As for the best leaders, the people do not notice their existence.
The next best, the people honor and praise.
The next, the people fear; and the next, the people hate …
When the best leader’s work is done the people say,
“We did it ourselves!”
– Lao Tzu, Chinese philosopher – 600-531 BC
Introduction
This article posits the view that teaching is leading in the real sense of the word.  It should be noted that etymologically education is derived from the Latin ‘educere’ meaning ‘to lead forth’.  At the outset, however, we need to unlearn of notions of leadership as positions of prestige or power or status and to avoid using the loosely used term ‘leader’ which is linked to a wide range of situations that have nothing to do with the process of leadership – e.g., market leader, team leader, party leader, to mention only a few of them.  
Someone (or something) may be called a ‘leader’, but this does not mean that they are actually exercising leadership.  This has been discussed at length in an earlier article (1) entitled “What do we Understand by Leadership?” (http://www.lemauricien.com/article/what-do-we-understand-leadership) . Similarly, not all those who are called teachers are actually involved in the process of teaching.  
Change
Leadership is generally defined as the act of mobilizing people to willingly undergo positive, sustainable change.  Leadership, to summarize MacGregor Burns, espouses a value-based relationship between leaders and followers in which each transforms the other –  leaders transforming followers, helping them to become leaders themselves – a process that involves the transformation of leaders and followers into better, more self-actualized people, with leaders and followers raising one another to higher levels of motivation and morality.
Similarly, the ultimate goal of teaching is to promote learning, and learning is generally defined as an observable change in behavior resulting from a certain experience.    
It is clear that change is a key common element that is at the heart of both processes – leadership and teaching.  After all, teaching cannot be said to be effective, if there has been no learning – no observable change in behavior.  Similarly, if no positive change takes place, one may question the effectiveness of leadership.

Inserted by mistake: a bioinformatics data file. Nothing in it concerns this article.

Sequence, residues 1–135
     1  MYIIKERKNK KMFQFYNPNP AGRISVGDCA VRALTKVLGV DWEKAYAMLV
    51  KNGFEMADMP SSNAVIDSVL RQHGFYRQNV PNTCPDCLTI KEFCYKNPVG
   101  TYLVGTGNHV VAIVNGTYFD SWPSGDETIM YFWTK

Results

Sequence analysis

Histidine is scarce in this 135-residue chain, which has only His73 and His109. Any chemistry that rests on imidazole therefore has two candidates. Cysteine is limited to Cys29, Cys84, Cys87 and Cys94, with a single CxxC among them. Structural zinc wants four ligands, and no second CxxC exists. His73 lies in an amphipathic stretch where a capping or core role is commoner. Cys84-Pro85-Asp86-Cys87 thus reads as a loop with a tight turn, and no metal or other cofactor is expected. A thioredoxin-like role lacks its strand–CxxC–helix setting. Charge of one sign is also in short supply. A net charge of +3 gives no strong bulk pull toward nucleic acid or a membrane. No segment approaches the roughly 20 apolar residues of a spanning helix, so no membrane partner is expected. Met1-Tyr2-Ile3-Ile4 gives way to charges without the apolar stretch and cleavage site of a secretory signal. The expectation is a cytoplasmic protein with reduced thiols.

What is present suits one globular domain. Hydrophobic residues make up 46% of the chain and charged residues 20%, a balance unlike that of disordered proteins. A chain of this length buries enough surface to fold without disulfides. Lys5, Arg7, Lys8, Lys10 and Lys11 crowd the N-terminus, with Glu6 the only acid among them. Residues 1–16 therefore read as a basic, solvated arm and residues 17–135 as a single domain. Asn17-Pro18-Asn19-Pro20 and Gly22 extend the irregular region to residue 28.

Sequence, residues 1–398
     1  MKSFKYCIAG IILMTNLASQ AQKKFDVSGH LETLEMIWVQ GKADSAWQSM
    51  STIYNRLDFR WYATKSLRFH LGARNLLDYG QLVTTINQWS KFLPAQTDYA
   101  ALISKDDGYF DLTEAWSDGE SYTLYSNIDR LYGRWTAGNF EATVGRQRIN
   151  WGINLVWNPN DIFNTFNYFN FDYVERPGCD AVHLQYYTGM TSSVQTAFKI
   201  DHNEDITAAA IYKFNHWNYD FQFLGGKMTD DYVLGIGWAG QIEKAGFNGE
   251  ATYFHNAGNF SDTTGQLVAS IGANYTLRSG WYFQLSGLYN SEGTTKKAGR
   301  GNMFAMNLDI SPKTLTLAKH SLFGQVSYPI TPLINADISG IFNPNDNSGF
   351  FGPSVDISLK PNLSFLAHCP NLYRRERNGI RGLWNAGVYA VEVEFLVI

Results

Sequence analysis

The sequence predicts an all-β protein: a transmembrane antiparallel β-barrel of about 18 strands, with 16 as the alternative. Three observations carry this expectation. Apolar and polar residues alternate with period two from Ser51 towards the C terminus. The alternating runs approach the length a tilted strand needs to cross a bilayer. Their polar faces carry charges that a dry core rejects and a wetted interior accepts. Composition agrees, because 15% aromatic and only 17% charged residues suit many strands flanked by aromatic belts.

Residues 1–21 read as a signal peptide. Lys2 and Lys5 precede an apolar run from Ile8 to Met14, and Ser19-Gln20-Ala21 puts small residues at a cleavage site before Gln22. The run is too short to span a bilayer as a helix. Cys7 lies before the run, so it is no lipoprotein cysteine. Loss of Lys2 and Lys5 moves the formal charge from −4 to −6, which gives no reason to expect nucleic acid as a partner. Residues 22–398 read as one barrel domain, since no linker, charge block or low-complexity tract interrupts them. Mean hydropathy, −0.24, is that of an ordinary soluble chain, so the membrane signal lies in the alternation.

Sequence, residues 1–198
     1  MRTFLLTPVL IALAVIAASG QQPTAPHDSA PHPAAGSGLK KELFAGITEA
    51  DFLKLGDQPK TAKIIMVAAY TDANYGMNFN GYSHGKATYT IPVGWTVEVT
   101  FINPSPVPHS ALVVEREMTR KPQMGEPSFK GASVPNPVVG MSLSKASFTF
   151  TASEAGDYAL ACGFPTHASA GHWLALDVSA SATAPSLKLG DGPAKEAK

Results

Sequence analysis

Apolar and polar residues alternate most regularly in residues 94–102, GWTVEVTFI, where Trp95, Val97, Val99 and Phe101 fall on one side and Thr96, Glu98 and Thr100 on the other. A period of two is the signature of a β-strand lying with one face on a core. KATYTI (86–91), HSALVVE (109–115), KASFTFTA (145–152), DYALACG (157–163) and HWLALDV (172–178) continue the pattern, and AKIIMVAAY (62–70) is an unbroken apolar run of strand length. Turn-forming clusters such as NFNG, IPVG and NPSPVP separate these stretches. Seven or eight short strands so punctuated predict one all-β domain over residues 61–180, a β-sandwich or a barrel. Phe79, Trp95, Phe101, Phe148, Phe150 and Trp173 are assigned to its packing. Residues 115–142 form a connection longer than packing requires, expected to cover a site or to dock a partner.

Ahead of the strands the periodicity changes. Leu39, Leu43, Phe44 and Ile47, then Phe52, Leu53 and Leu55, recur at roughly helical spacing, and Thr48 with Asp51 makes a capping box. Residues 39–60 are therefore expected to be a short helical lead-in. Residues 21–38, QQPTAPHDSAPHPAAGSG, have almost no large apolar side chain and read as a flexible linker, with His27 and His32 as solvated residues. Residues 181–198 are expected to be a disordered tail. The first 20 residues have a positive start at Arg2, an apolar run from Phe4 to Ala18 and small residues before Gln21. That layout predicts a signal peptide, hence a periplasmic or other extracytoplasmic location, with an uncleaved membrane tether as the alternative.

Savoir-être
Learning involves not only improvements in skill level but more importantly changes in who we are as human beings.  These changes require the participation of the learner, the willingness to work hard, to take risks and sometimes suffer, the ability to forego short-term gratification, the capacity to endure failure and loss while maintaining the same high level of intrinsic motivation. This is what Ronald Heifetz calls ‘adaptive leadership’.  
It would be easier to understand the similarity between teaching and leadership if we assume that the primary objective of the teacher is to foster a love for the subject and a passion for learning with the transmission of knowledge as a secondary objective.   If the primary objective is achieved, the secondary one is likely to take care of itself with minimum effort on the part of the teacher.  
Whenever we nostalgically think of some of the best teachers we have had in the past, those that come first to mind are the ones that have met this primary objective.  While we would not remember everything that these teachers taught us, the passion for the subjects and for learning would have become an integral part of our mental make-up.
It is not easy to appreciate this definition of teaching and learning in an era where education has become a mercenary transactional activity, a business of selling diplomas and degrees with all the marketing gimmicks including giveaways and discounts, with little attention being paid to the quality of the teaching / learning experience or to any observable change in the students’ behavior.
Implications for policy makers
The above discussion has an important bearing on the way policy makers think and operate.  They need to refrain from throwing technical solutions at adaptive challenges like ensuring quality education for all.  The ineffectiveness of many education reform initiatives now can be traced back to this tendency. These challenges require adaptive and not technical solutions1.
Similarly, policy makers should realize that if teachers are to exercise leadership and not just authority (which hopefully would be based on expertise or mastery of the subject), teacher training curricula would need to include specific provisions for leadership development.
More importantly, school administrators would also need to ensure that they too practice transformational leadership – a process wherein, as mentioned above, leaders transform followers and help them to become leaders themselves.  This is unfortunately not the case in many schools and colleges where head teachers / rectors often adopt an autocratic style.  And as expected the teachers respond negatively to this treatment and fail to exercise the kind of leadership expected from them.  
Finally, if we pay due attention to the leadership dimension in our educational institutions (2), one day when the “work” is done, the students would turn round and unhesitatingly say, “We did it ourselves!”
1) See “What do we Understand by Leadership?” (http://www.lemauricien.com/article/what-do-we-understand-leadership) for a detailed discussion on the difference between technical and adaptive solutions.
 2) This writer will gladly assist in proposing ways to implement Leadership Development Programs for the education sector.
* (Email:  patil@intnet.mu)